Move over Paul "Bear" Bryant. Nick Saban now owns the most national championships by a head coach in college football history.
Saban won his record seventh title when he led Alabama to a 52-24 decision over Ohio State in the College Football Playoff National Championship presented by AT&T on Monday night in Miami.
Saban said amid the postgame celebration that he hadn't thought much about passing Bryant.
"I'm just happy we won tonight," he said. "And I really haven't thought about that 'cause you're always looking forward. And I just love this team so much and what they've been able to do. I can't put it into words."
Afterward, Alabama quarterback Mac Jones was asked whether Saban should be considered the greatest of all time.
"Come on, man," Jones said. "Of course he is. I mean, how can he not be? He does it the right way. He recruits well but more importantly develops great players."
Six of Saban's national championships have come during his 14 seasons at Alabama. His first title was in 2003 at LSU.
Ironically, Saban was never interested in coaching when he was growing up as a star high school quarterback in West Virginia and later as a converted defensive back at Kent State. It took Hall of Fame coach Don James convincing him to join the staff at Kent State as a graduate assistant in 1973, as Saban waited for his wife, Terry, to finish her degree.
The rest is history.
Saban got the coaching bug and would bounce around as an assistant at stops in college and the NFL before landing his first head-coaching job at Toledo in 1990. Saban took a team that had gone 6-5 the season before and led them to a 9-2 record and a share of the MAC championship.
Five years later, after leaving to become defensive coordinator on Bill Belichick's staff with the Cleveland Browns, Saban returned to college football as a Power 5 head coach at Michigan State.
His only exit from the college ranks since then was a two-year stint as head coach of the Miami Dolphins, with whom he went 15-17, before leaving for Alabama.
Saban said he discovered that he preferred the college game to the pros. Without a salary cap and free agency to deal with, he could exhibit greater control as a head coach in college. What's more, he said he enjoyed working with young people.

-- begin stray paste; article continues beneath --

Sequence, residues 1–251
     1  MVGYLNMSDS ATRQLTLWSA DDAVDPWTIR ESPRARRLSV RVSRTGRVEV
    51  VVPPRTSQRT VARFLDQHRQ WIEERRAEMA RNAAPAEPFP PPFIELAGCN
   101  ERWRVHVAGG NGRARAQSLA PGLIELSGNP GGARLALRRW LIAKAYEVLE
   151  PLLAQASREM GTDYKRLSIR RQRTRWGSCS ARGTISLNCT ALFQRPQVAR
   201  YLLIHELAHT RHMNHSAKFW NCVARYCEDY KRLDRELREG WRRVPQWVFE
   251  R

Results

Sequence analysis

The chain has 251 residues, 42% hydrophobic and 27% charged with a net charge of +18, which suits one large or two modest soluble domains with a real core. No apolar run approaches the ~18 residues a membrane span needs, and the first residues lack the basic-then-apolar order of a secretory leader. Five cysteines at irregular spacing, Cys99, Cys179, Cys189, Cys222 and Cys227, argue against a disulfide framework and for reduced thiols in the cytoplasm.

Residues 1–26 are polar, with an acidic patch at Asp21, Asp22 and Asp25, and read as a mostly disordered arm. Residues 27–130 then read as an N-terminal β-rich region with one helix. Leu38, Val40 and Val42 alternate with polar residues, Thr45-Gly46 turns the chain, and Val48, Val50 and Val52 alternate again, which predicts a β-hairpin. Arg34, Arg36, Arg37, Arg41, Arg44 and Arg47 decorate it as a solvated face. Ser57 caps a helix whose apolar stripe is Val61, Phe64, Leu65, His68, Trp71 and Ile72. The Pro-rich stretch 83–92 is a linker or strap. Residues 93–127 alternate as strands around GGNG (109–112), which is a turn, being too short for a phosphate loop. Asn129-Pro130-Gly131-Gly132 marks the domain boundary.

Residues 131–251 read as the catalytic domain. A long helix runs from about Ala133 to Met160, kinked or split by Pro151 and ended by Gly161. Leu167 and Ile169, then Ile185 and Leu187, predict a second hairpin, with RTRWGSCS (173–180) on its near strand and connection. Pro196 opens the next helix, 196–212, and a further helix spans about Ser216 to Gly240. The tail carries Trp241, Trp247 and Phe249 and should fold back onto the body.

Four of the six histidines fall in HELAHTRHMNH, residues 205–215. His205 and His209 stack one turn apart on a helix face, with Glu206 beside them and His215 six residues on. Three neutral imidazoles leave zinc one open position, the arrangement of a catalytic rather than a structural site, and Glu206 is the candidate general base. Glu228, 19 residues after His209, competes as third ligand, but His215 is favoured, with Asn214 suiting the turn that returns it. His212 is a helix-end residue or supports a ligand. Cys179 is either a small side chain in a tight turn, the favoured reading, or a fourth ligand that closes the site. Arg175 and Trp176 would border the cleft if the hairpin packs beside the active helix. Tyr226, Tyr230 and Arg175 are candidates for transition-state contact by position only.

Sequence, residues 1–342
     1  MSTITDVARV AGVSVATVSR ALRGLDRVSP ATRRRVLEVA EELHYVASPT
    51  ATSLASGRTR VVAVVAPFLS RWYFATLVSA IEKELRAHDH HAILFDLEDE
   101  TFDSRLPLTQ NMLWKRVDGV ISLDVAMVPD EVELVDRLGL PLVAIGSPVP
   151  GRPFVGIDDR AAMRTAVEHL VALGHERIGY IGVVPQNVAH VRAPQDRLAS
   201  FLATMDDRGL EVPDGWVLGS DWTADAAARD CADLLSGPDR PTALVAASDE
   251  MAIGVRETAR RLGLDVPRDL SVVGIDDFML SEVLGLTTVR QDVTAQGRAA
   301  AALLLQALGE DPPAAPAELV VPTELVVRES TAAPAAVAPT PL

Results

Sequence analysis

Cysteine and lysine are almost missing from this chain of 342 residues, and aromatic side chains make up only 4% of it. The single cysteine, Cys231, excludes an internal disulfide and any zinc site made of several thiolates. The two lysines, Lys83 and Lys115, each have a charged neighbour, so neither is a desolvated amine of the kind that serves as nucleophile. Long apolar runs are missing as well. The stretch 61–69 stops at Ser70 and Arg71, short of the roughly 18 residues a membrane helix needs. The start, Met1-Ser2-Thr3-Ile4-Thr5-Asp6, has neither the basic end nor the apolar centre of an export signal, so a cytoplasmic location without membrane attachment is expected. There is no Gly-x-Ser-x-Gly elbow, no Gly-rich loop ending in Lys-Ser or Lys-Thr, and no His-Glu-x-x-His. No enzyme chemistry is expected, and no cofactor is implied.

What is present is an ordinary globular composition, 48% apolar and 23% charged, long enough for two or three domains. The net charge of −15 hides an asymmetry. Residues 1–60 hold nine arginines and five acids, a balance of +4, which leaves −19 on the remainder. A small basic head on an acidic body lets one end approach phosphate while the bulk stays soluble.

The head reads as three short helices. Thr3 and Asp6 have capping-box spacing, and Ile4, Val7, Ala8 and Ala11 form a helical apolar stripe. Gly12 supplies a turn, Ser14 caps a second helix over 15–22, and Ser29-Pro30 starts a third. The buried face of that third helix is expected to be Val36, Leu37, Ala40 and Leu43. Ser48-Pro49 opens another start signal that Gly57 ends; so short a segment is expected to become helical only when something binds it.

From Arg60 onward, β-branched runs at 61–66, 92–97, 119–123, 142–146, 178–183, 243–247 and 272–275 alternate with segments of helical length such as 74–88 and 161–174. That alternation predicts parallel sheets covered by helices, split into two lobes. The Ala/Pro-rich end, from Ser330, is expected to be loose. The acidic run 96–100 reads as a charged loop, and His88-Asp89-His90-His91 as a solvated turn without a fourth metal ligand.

Leveraging the history and resources of Alabama, it didn't take Saban long to build a dynasty. He won 12 games in his second season in Tuscaloosa then went 14-0 and won the BCS National Championship in 2009.
Since 2009, Alabama and Saban have won half the BCS and CFP national championships played.
But without Bryant, Saban said, none of that would have been possible.
"If it wasn't for Coach Bryant, we would never be able to do what we did," Saban said. "He was the one that made Alabama and the tradition at Alabama a place where lots of players want to come. And we've been able to build on that with great support."
Bryant, who won all six of his national championships at Alabama, is in a class of his own, Saban said.
"I don't think anybody really compares to Coach Bryant," he said. "In the era that he coached and the era that he won, he won a lot of different ways. He won throwing it. He won playing the wishbone. He won it running conventional offensive formations. And his legacy lasted over a long, long period of time."
Bryant retired at the age of 69.
Saban turned 69 in October, but he shows no signs of stopping.
"I love doing what I do and want to continue to do it for as long as I feel like I can contribute in a positive way to the program," Saban told reporters last month. "That's about the only plan I have for the future."
He later added, "If I thought that my presence here was not something that was a positive for the University of Alabama or with the program, with the players, then I'd say it would be time not to do it anymore."